30 June, 2012

The Ultimate Heresy

Bastardising Tolkien

Now, I love both The Hobbit and The Lord of The Rings. The Hobbit, as is popularly stated, makes for a great DnD setting. However, Rings doesn't. The reasons are many, but mostly it's because you either need to pick some point far back in history, or some point after the whole thing. If you pick a point in time during the book, you end up as some minor player on the edge of Important but Precarious Events. If the DM doesn't railroad you, you really end up railroading yourself, one way or another. It's all good for an MMO (I enjoy that game) but sucks for DnD. Oh, and picking a point after the book? There's not much excitement there, since the overarching ultimate pervasive goal of the entire trilogy is to remove the violent dramatic excitement. See, that's a bad setup goal for DnD. You don't want your goal to be Make Things Boring.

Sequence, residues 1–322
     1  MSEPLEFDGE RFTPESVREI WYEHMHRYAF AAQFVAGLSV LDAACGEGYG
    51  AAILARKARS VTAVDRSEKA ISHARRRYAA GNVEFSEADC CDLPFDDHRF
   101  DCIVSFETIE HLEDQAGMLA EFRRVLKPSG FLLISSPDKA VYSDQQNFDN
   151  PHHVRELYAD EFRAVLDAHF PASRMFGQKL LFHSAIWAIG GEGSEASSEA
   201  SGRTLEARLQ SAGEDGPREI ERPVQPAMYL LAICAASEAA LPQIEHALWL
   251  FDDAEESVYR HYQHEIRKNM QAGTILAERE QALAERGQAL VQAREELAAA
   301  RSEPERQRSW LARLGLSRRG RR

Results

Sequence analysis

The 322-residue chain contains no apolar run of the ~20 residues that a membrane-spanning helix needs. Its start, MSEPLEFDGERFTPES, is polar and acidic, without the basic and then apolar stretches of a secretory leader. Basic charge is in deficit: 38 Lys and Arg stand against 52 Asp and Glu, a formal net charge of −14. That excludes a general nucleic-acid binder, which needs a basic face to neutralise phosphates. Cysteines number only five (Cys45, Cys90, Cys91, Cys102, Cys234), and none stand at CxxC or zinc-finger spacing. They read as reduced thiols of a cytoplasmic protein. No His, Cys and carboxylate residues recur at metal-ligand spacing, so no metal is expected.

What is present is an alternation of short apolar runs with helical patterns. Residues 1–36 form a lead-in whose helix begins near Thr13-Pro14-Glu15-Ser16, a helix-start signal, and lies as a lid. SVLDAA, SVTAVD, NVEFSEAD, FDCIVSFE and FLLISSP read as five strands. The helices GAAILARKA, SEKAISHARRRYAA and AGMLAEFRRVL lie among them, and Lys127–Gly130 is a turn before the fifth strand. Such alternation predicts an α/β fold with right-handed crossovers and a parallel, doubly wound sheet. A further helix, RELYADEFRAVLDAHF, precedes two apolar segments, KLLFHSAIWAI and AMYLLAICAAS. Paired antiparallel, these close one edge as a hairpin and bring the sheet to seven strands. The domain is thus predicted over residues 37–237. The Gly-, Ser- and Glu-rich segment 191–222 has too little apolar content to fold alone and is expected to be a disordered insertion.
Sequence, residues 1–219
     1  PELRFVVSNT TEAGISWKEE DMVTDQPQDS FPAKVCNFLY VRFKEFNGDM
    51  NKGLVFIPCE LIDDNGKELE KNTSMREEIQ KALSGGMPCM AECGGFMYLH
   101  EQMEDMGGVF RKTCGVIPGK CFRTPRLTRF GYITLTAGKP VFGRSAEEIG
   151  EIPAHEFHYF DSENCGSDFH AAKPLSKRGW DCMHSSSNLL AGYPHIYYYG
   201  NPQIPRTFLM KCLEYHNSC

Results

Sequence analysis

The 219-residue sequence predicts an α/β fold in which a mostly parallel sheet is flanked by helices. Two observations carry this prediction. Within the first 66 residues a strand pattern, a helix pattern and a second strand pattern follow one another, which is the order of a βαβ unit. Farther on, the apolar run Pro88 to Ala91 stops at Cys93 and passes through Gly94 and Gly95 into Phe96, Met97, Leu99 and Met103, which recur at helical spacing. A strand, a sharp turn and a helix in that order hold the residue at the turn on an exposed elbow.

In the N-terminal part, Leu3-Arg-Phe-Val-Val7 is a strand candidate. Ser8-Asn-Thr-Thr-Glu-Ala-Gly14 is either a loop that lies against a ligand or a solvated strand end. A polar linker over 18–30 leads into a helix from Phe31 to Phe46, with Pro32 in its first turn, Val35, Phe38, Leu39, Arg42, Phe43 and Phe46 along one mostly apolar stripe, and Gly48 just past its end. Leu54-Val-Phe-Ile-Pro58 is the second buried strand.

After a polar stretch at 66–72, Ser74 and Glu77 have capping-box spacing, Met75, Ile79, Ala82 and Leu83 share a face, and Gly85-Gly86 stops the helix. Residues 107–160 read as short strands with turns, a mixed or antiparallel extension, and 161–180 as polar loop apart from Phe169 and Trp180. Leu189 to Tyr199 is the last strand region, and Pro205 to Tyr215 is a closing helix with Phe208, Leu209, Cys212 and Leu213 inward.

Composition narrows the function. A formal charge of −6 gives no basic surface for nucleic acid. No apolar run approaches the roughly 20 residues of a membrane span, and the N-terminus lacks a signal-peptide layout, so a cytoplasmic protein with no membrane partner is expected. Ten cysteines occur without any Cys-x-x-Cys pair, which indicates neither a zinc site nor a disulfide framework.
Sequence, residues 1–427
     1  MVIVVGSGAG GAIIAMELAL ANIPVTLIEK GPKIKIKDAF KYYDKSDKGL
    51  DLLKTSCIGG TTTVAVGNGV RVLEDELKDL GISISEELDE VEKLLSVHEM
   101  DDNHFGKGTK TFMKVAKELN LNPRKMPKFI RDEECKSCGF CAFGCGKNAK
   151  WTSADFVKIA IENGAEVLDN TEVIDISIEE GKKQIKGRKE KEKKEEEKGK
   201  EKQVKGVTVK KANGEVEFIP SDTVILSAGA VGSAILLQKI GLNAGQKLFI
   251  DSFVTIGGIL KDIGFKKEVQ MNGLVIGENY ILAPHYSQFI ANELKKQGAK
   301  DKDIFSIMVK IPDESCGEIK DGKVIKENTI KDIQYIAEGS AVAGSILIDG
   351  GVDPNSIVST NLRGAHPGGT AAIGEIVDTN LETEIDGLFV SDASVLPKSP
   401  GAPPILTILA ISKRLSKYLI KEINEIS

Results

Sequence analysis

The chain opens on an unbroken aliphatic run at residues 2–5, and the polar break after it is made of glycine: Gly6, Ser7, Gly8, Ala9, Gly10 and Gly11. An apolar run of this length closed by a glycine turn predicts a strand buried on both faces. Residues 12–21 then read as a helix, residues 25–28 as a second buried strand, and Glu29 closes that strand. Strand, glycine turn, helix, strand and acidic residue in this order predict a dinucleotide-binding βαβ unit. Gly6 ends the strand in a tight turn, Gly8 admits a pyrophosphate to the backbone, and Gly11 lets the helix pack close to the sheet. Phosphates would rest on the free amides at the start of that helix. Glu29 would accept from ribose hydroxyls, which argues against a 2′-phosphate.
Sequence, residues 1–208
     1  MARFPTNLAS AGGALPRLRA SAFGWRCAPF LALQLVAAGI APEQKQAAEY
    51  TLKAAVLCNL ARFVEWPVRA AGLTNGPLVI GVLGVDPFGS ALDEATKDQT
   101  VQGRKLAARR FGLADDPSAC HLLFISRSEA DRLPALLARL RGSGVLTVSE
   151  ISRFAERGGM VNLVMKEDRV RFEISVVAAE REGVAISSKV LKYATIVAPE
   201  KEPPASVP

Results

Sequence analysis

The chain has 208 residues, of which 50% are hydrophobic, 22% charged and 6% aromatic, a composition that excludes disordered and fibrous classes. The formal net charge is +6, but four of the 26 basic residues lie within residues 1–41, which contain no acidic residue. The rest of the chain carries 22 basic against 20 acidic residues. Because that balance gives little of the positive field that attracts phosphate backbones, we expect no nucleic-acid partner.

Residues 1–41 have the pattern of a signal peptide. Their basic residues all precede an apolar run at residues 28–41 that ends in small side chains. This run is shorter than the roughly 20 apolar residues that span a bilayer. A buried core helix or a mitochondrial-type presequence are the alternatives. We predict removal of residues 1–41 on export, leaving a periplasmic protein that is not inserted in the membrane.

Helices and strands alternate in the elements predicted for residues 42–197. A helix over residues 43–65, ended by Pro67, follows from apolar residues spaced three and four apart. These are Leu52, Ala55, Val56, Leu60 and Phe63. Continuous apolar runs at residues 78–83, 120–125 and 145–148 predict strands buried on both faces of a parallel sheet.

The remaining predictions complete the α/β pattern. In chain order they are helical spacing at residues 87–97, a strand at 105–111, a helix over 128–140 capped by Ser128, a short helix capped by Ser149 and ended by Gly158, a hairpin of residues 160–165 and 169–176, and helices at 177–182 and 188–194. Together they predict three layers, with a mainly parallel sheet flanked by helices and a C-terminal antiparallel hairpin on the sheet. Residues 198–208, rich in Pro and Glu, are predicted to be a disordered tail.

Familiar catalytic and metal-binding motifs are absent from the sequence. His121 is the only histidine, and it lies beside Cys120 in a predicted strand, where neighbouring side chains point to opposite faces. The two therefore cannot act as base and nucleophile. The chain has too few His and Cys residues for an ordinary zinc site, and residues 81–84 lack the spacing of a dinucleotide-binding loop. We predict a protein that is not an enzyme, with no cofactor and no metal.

So now what? Time to fiddle about. For my purposes, the trilogy is related by Samwise. He is a well-meaning, sentimental, unreliable narrator. He is pretty upset that his best friend died in what turned out to be a boondoggle. Instead of being bitter, he writes a view of what he wishes happened.

The Changes So Far:
Gandalf was a mid-level magic-user, not a divine being. When he bit it in Moria, that was it for him.
Aragorn wasn't really a prince.
Boromir didn't have a noble change of heart at the last second. The Ring was too strong for that.
Throwing the ring into the lava didn't do shit.
Faramir fried in a fire.
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